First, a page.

Oregon Real Estate laws changed again recently, on July 19th, 2013, when Oregon Governor Kitzhaber signed a new law, HB 3389, which gives lenders more power to recover deficiency claims that they may have with their borrowers.

Is HB 3389 a good thing for Oregon homeowners and lenders or a bad thing?

Before we get started with talking about HB 3389 lets cover exactly what a deficiency means and how it affects the lender and the borrower.

Deficiency 101

A loan deficiency occurs when there is a difference in the amount that the lender is owed on the borrower’s mortgage loan and the actual amount that the lender gets when a home is sold via short sale or foreclosure.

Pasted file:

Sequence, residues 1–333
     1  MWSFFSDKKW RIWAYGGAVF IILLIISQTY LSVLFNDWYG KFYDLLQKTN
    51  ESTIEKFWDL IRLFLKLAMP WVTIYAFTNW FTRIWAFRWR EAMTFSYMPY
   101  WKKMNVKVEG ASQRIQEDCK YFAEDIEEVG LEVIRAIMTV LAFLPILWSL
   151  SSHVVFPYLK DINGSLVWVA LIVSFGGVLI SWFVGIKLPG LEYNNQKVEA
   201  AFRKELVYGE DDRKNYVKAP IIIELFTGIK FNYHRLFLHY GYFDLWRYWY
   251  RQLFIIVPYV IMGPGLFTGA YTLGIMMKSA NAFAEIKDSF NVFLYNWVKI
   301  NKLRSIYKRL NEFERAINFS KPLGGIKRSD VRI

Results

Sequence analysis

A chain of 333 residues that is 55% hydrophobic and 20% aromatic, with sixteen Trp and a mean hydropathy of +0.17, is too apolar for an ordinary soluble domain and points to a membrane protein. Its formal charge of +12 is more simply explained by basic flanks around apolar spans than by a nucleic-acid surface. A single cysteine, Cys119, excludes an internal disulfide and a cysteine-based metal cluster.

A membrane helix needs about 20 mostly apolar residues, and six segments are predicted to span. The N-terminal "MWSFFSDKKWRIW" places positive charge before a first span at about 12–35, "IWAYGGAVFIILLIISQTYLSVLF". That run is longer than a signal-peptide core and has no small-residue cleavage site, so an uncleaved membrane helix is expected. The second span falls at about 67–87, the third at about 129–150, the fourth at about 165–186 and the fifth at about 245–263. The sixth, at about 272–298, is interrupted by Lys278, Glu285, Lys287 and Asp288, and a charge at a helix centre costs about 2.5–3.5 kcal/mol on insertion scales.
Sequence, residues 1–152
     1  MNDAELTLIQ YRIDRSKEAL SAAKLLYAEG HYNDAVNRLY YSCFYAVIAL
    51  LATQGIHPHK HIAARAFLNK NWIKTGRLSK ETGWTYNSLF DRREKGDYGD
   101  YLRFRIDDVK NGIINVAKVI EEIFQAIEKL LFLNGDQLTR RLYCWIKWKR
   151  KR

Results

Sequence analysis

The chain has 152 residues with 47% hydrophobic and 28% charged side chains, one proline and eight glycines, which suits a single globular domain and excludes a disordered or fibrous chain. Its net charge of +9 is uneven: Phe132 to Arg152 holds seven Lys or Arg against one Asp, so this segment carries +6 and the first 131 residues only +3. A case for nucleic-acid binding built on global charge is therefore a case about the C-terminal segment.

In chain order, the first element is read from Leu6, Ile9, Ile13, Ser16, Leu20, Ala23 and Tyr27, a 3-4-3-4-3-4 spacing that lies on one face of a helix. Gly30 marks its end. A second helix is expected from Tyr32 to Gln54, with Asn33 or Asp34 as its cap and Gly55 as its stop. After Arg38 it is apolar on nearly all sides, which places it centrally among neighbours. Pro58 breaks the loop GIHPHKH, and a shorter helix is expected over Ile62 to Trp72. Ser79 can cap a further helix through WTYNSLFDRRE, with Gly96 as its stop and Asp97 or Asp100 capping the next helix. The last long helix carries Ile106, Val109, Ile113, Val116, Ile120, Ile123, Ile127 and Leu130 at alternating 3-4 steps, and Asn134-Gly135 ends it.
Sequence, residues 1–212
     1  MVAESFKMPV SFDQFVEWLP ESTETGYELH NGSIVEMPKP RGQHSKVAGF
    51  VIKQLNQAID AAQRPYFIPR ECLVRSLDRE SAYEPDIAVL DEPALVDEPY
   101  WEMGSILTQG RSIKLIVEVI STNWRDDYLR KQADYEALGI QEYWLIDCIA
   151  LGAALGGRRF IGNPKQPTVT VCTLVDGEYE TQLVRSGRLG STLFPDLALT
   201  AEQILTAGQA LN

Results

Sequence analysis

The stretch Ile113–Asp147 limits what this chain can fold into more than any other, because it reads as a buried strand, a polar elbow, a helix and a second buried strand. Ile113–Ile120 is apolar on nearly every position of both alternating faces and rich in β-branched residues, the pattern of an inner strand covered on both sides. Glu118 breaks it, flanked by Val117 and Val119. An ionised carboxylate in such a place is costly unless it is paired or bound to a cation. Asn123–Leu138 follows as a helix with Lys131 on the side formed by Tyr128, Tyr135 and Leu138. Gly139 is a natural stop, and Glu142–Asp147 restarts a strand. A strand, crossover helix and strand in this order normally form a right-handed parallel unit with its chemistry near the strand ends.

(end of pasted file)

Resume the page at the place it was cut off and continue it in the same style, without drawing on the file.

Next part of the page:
Example: if a home sells for $150,000 and the actual amount of the loan is $200,000; there is a $50,000 deficiency and the lender has the right to seek recovery of the deficiency from the borrower by suing them over the debt that’s owed.

Understanding HB 3389

With HB 3389; what was called a residential trust deed in the past is still called a trust deed, on a property as before, especially if there are four or less residential units; especially if one of the units belongs to the “grantors” dependent, spouse or child who might be living at the residence.

Essentially HB 3389 only affects trust deeds in Oregon that don’t have any foreclosure that is judicial or non-judicial against it.

Borrowers in Oregon, who have home loans, may be shocked if they have a deficiency claim processed against them and they should consult with their Realtor or attorney to learn more about how HB 3389 affects them.

To learn more about HB 3389, or to view the latest Bend Oregon home for sale, contact me today by calling (541) 383-1426.